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November 25, 2008

Indonesia tells foreign drug firms to set up local units or quit
Foreign drug companies can quit Indonesia if they do not like new rules requiring them to have local production facilities, Reuters quoted Health Minister Siti Fadilah Supari as saying Monday.

Rules introduced earlier this month are designed to encourage foreign companies to transfer technologies to Indonesia and boost investment to create jobs, she said.

"If they want to get licences (to sell their products) they have to invest here also, not just take advantage of the Indonesian market," Supari told Dow Jones Newswires.

"They can't just operate like a retailer here, with an office size that's three metres (yards) by three and make billions of rupiah. That is not fair."

The decree, which has drawn protests from the US Chamber of Commerce, will affect 13 international pharmaceutical companies that currently sell their drugs in Indonesia but do not have production facilities here.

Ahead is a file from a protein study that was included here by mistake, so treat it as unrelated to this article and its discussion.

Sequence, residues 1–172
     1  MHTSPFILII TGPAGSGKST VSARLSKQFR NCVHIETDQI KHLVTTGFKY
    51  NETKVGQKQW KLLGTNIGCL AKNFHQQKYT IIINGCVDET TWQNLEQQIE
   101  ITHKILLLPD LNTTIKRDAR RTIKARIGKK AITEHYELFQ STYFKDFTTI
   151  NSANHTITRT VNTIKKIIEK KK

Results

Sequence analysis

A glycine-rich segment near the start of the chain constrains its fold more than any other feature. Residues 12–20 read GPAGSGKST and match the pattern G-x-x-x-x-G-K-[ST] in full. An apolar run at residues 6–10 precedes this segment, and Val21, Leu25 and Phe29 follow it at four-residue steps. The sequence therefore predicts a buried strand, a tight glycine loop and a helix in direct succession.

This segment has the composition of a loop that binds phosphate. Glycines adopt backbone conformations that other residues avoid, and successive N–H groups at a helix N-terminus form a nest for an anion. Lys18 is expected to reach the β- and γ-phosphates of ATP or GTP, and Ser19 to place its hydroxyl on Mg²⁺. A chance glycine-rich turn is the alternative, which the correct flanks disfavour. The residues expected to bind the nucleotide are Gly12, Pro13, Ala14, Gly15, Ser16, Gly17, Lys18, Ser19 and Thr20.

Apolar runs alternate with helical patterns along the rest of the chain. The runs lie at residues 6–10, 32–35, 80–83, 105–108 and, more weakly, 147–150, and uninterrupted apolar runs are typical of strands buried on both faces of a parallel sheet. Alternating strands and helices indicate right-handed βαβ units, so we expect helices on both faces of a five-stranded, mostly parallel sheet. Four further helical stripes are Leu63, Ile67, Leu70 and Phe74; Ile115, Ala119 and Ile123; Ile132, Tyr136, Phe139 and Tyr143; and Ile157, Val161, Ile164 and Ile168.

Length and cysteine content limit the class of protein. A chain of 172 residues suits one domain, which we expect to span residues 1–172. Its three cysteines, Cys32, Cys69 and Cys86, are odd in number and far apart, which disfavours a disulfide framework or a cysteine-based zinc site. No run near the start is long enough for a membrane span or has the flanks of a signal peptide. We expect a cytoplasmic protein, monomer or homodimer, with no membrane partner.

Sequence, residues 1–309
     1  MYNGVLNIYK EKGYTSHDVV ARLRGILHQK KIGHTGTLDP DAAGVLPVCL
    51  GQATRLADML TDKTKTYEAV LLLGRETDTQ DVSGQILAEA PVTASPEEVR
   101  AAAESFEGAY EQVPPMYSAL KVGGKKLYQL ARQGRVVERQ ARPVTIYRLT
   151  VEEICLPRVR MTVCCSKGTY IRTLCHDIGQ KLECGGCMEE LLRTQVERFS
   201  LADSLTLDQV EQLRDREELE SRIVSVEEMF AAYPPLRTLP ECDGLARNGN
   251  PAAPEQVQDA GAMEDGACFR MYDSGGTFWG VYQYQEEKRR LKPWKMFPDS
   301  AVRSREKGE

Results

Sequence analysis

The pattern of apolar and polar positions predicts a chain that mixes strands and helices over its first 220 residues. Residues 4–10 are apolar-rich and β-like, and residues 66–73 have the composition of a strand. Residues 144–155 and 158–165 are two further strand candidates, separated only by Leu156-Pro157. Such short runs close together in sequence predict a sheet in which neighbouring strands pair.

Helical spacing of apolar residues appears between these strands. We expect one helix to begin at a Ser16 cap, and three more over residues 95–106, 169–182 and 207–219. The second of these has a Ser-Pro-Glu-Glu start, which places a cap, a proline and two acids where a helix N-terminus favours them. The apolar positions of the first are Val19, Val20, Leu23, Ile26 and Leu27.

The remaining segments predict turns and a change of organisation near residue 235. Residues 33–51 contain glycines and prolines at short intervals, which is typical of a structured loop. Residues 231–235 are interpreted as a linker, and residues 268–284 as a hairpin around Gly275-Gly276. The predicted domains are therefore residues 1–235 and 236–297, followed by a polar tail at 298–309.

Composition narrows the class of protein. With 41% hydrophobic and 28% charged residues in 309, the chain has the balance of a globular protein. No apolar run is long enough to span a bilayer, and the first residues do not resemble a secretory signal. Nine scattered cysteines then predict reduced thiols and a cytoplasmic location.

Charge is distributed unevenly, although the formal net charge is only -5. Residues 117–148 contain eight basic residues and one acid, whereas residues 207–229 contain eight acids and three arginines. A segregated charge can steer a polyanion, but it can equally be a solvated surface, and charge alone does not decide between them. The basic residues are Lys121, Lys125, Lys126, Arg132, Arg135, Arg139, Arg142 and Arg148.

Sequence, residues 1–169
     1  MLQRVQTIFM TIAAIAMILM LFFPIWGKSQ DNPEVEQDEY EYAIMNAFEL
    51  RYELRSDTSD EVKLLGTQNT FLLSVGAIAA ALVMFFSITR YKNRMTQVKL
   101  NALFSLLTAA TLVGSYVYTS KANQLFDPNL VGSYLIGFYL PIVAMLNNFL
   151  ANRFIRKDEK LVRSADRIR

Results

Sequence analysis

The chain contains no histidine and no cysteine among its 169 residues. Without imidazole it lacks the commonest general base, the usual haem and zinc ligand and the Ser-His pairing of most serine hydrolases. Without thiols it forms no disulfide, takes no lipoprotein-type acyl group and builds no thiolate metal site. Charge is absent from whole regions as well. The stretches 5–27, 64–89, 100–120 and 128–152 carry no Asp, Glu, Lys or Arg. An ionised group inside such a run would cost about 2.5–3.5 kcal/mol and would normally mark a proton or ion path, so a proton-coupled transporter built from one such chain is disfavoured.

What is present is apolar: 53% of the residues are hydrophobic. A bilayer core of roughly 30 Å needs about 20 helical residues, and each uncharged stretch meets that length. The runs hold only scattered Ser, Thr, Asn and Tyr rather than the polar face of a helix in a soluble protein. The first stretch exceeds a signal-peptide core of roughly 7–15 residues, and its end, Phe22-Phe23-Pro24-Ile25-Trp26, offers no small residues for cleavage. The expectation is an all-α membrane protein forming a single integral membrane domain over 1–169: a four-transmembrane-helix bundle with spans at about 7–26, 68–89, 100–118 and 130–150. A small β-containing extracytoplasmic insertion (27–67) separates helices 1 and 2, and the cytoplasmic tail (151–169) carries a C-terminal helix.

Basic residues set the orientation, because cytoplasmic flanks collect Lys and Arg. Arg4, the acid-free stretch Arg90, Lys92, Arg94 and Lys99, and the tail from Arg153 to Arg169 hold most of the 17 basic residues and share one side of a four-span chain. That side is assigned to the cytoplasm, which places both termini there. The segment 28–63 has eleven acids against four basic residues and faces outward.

The affected companies include Wyeth, Eli Lilly and Merck Sharp & Dohme Corp. of the United States, Switzerland's Roche, France's Servier, Denmark's Novo Nordisk, AstraZeneca of Britain and Astellas Pharma of Japan.

Under the new rules, foreign companies have a two-year grace period in which to set up production facilities.

Supari said she believes Indonesia's big drugs market -- worth around two billion dollars a year -- would persuade the companies that building production facilities is worthwhile.

Those who fail to do so would be banned from selling their products or distributing them through companies that do have plants in Indonesia.

"If they want to go away, go ahead," she said. She added that India and China had already enacted such requirements.

The president and chief executive of the US Chamber of Commerce, Thomas J. Donohue, last week sent a letter to President Susilo Bambang Yudhoyono, urging the president to "consider revising the decree."

There are 29 international pharmaceutical companies marketing their products in Indonesia, with total market share of 25 percent.

The minister said the new rules will give "fair treatment" to pharmaceutical companies that have already invested in drug production facilities in Indonesia.

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